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Using Rubrics for Assessment

There are many ways of assessing students’ work. What is important is that the assessment be consistent and fair for all students; they should all be being evaluated with the same scale and criteria. Using a rubric is an effective way to focus on certain aspects of the completed task. In this section we will examine what a rubric is and why they are often used in the classroom.
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Marguerite's case study

What is a rubric?

A rubric is a tool used for assessment that identifies specific criteria to be assessed and gives numeric scores or descriptors for the levels of performance. Starting with the highest level and descending to the lowest, these levels of performance are used to assess the defined set of tasks as they relate to a final product or behavior.  Each level describes degrees of proficiency and each level is assigned a value that rates the degree of proficiency of student performance. Rating scales are used; they can be numerical, qualitative, or a combination of numerical and qualitative.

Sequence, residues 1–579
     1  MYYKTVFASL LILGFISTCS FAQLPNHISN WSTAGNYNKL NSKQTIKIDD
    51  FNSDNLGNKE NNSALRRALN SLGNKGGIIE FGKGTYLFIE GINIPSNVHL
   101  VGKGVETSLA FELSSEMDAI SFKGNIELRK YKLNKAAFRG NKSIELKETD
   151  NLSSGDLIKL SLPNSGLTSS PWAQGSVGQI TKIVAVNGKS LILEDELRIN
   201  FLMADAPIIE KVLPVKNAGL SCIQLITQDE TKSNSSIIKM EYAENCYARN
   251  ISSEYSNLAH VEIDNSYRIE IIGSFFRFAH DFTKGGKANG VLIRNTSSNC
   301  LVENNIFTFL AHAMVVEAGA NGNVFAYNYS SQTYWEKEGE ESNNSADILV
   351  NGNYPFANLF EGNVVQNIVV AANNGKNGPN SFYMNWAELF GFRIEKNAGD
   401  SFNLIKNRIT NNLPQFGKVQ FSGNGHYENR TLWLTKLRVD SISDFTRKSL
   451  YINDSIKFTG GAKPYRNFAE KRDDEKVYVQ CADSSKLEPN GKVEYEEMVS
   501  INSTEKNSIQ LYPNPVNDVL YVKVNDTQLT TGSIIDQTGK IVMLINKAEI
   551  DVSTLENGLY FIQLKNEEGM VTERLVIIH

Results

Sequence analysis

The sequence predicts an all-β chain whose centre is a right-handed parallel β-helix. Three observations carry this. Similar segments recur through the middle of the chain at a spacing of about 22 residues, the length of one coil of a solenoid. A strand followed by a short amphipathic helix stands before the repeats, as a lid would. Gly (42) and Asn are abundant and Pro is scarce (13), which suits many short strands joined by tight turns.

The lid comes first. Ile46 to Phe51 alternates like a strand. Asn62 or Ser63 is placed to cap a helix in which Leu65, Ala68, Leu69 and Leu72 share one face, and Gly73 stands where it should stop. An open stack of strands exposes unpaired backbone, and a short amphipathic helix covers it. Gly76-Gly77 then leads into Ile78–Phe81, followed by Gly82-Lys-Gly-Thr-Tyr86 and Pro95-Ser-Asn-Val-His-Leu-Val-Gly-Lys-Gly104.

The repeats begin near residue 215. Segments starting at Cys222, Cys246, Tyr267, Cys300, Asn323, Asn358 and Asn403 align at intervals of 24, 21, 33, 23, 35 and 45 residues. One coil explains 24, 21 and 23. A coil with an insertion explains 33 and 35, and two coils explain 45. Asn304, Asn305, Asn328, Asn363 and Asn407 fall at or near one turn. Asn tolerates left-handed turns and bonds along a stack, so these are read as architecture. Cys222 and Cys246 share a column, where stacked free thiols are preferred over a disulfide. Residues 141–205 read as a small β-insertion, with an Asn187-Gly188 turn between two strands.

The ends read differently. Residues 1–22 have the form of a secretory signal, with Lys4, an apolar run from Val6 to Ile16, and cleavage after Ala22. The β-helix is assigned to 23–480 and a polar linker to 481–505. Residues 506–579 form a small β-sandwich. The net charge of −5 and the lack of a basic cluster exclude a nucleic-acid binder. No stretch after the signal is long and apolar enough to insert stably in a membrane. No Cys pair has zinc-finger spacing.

To learn more basic information about rubrics, follow these links:

Rubistar: What is a rubric?

Understanding Rubrics (Heidi Goodrich Andrade)

Why are rubrics effective tools for assessing students?

The benefits of using a rubric are that it creates a more objective method of scoring; specific criteria are identified and the students are evaluated only on those criteria. Students can often be involved in the creation of a rubric in order to have a say in what they believe to be the most important aspects of the task; this can help with student motivation and investment. Even if students are not involved in the creation of the rubric, they should have a copy of it so they are aware of what is being assessed. This ensures fairness is maintained and pushes students to prepare to the best of their ability.

How can I create my own rubric?

Rubrics are easy to create; they can be made with word processing software and there are also generic web sites that allow you to input your information and the web site will format the rubric for you. Check out these web sites:

Don’t forget, there is no need to reinvent the wheel! Many of these sites have rubrics available that other teachers have created.

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Virtual Assessment Center: Rubrics Overview

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Copyright © Olenka Bilash May 2009 ~ Last Modified January 2011